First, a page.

Both FPI and FDI are generally welcome, particularly in emerging nations. Notably, FDI involves a greater responsibility to meet the regulations of the country that hosts the company receiving the investment.
What Are the Advantages and Disadvantages of Foreign Direct Investment (FDI)?
FDI can foster and maintain economic growth, both in the recipient country and in the country making the investment.
Developing countries have encouraged FDI as a means of financing the construction of new infrastructure and the creation of jobs for their local workers.
On the other hand, multinational companies benefit from FDI as a means of expanding their footprints into international markets.
A disadvantage of FDI, however, is that it involves the regulation and oversight of multiple governments, leading to a higher level of political risk.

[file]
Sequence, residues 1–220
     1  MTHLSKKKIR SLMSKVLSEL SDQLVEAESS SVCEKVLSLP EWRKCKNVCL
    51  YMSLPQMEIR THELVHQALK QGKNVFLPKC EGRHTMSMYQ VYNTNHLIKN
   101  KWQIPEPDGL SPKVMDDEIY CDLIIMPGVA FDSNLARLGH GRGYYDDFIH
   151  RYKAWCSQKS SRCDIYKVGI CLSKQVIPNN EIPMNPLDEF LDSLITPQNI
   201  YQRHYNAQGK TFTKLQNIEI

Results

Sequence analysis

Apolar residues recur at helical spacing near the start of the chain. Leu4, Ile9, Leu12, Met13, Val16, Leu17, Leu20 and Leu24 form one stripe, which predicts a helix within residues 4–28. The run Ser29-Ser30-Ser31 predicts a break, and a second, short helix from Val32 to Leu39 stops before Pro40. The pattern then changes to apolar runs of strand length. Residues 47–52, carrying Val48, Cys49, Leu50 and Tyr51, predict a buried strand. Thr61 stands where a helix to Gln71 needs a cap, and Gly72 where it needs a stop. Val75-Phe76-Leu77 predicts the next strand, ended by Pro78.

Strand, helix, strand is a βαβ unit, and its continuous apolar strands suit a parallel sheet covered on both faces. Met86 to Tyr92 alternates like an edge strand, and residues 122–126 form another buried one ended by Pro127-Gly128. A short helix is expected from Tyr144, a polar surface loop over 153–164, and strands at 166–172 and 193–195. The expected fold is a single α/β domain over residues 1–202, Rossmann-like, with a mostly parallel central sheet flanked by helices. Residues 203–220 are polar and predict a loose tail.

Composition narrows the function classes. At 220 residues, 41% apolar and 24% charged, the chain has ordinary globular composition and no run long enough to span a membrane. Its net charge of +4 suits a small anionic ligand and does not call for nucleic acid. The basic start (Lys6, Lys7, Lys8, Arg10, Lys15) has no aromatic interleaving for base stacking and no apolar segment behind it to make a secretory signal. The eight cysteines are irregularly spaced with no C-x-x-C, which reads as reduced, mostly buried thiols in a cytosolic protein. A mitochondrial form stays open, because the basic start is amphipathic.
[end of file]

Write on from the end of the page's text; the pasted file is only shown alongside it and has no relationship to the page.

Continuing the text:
What Are Some Examples of Foreign Direct Investment (FDI)?
One of the largest examples of Foreign Direct Investment (FDI) in the world today is the Chinese initiative known as One Belt One Road (OBOR).
This program, sometimes referred to as the Belt and Road initiative, involves a commitment by China to substantial FDI in a range of infrastructure programs throughout Africa, Asia, and even parts of Europe.
The program is typically funded by Chinese state-owned enterprises and organizations with deep ties to the Chinese government.
Similar programs are undertaken by other nations and international bodies, including Japan, the United States, and the European Union.